Origins of the Dispute
The Origin of the Dispute: Israel attacked
before there were Refugees & before any "Occupied Territories" in 1948
The original plan for a Jewish National home
included what is now the State of Israel and the State of Jordan.
League of Nations allocated this entire tract of land to be the intended
home of 12 million European Jews, as a solution to the violence and pogroms
suffered by the Jews over the previous century. It was a proposed
solution to the "Jewish Question".
After a series of compromises, partitions
and whittling away of the original plan -- and 1/2 of Europeans Jews had
been exterminated, due in part to Britain's ruthless refugee policies
-- on November 29, 1947 the United Nations Assembly decided to recommend
the partition of Palestine into an Arab and a Jewish state.
At that time there were no Arab refugees.
The area allotted to the Jewish state was much smaller even than that established
by the Armistice lines of 1949 (which lasted until June 5, 1967), to which
Israel is now urged to withdraw. At that time, Israel had no "occupied
territories" from which to withdraw.
It was against that embryo state that the
Arabs declared and waged their war. Its total area, amounting to little
more than half of western Palestine, was roughly 15,000 square kilometres
(about 6,000 square miles), including the semiarid Negev (see Map No. 2).
The Arabs were thus assured of seven eighths of the totality of Palestine
on both sides of the Jordan as it was recognised at the end of the First
World War by all the nations of the world as the territory for the Jewish
National Home (see Map No. 3).
The seven Arab states in existence in 1947
-- Egypt, Iraq, Syria, Lebanon, Saudi Arabia, Yemen, and Transjordan (see
Map No. 4) -- whose leaders decided to prevent the birth of Israel, contained
an area 230 times larger than the projected Jewish state and a population
60 times that of its Jewish inhabitants who numbered only a little more
than half a million.
The Arab appetite would be satisfied with
nothing less than the remainder. It was, moreover, characteristic that
the Secretary of this confederation of invader states, Azzam Pasha, in
forecasting the success of the invasion, invoked the memory of the massacres
by the Mongols and the Crusaders.
Such was the attitude of the Arabs in 1947,
when they had in their hands all, and more than, the territory they are
now demanding from Israel. At that time, they violently refused to share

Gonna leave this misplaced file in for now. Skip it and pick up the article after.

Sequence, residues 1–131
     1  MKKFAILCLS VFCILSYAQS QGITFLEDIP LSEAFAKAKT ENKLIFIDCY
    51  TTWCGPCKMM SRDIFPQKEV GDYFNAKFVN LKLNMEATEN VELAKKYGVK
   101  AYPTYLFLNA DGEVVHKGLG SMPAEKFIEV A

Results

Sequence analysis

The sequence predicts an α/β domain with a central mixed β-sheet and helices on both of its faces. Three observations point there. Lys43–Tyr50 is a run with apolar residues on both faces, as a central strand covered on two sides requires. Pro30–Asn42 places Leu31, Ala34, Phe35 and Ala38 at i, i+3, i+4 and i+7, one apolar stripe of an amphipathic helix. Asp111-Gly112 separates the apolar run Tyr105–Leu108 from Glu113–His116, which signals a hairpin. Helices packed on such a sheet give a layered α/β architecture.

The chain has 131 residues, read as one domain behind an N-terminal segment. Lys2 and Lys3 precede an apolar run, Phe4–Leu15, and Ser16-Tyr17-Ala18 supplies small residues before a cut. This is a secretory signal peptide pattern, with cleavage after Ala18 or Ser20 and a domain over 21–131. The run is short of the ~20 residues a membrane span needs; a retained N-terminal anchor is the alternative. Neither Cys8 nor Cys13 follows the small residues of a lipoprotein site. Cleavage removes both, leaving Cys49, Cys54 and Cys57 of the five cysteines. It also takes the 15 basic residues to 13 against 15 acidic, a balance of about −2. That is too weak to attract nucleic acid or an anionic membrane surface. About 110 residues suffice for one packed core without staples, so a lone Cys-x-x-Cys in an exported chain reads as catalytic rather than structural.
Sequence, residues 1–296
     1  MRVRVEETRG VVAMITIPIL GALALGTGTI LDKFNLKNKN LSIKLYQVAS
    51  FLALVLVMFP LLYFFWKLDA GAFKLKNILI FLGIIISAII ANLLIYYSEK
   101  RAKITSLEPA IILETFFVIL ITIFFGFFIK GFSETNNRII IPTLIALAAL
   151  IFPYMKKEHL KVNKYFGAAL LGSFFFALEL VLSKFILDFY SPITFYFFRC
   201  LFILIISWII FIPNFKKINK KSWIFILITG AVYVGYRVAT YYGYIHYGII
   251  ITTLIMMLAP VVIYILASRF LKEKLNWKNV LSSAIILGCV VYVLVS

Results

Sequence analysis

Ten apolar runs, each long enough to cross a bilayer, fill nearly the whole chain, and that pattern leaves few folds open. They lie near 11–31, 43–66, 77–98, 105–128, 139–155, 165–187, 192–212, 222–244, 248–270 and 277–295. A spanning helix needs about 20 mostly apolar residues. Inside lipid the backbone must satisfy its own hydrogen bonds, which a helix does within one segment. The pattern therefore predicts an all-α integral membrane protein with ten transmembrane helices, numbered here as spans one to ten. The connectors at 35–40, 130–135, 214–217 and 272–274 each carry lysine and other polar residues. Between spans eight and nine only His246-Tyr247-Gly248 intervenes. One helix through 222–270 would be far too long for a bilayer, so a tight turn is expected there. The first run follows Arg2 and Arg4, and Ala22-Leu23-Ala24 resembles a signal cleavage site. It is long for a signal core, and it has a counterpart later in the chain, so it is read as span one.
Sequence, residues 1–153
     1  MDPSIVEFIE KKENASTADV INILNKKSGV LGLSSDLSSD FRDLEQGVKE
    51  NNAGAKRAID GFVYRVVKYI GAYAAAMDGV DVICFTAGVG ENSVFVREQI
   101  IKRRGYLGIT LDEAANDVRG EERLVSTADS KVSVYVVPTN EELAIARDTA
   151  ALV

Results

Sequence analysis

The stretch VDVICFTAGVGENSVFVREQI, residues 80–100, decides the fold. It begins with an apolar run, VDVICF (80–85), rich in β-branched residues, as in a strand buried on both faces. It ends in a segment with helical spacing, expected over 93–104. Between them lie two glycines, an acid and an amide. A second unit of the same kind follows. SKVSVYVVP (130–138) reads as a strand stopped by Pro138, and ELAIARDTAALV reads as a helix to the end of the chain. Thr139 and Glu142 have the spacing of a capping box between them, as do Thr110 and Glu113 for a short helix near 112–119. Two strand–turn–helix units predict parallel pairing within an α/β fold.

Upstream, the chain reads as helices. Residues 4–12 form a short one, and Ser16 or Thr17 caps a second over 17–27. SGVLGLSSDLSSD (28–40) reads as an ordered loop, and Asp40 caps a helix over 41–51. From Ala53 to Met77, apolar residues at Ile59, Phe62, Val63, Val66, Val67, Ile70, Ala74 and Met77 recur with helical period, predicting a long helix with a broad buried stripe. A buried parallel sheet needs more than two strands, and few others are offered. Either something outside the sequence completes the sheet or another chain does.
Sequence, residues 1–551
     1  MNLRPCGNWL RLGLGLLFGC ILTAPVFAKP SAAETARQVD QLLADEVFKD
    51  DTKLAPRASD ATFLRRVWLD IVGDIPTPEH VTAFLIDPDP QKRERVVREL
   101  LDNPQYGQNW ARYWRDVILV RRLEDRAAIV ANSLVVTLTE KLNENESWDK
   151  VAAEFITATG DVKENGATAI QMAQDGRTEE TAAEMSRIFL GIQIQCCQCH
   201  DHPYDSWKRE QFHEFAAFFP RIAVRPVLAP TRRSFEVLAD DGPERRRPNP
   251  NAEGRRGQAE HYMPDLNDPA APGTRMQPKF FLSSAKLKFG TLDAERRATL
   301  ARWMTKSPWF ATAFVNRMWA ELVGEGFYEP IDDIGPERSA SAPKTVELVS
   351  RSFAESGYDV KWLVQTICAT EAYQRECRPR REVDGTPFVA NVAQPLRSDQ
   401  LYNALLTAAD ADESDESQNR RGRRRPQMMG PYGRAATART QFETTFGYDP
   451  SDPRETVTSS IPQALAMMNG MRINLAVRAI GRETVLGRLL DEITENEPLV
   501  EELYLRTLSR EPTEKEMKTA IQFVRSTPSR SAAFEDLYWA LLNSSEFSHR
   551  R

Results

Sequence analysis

'Palestine with the Jews in a territorial ratio of seven to one. They refused
to recognise the Jewish claim to the country or to the smallest part of
it; to acquiesce in the international recognition of that claim; or to
abate this one jot of their designs on the whole of the area that had once
been the Moslem Empire in Asia.
Less than thirty years earlier, the "historic
rights" Of the Arabs to Palestine, allegedly existing for a thousand years,
had not yet been discovered. In February 1919, the Emir Faisal, the one
recognised Arab leader at the time, then still striving for the creation
of Arab political independence in Syria (of which he was briefly king)
and Iraq (over which he and his house subsequently ruled for forty years),
signed a formal agreement with Dr. Chaim Weizmann, representing the Zionist
Organisation. This provided for co-operation between the projected Arab
state and the projected reconstituted Jewish state of Palestine. Borders
were still to be negotiated, but Faisal had already described the Zionist
proposals as "moderate and proper." The borders proposed by the Zionists
included what subsequently became Mandatory Palestine on both banks of
the Jordan as well as north-western Galilee up to the Litany River-later
included in southern Lebanon -- part of the Golan Heights -- later included
in Syria -- and part of Sinai -- left under British administration in Egypt
(see Map No. 5).
This page was produced by Joseph
Middle Eastern Political and Religious
Brooklyn, New York
to a friend
Source: "Battleground: Fact & Fantasy
in Palestine" by Samuel Katz,
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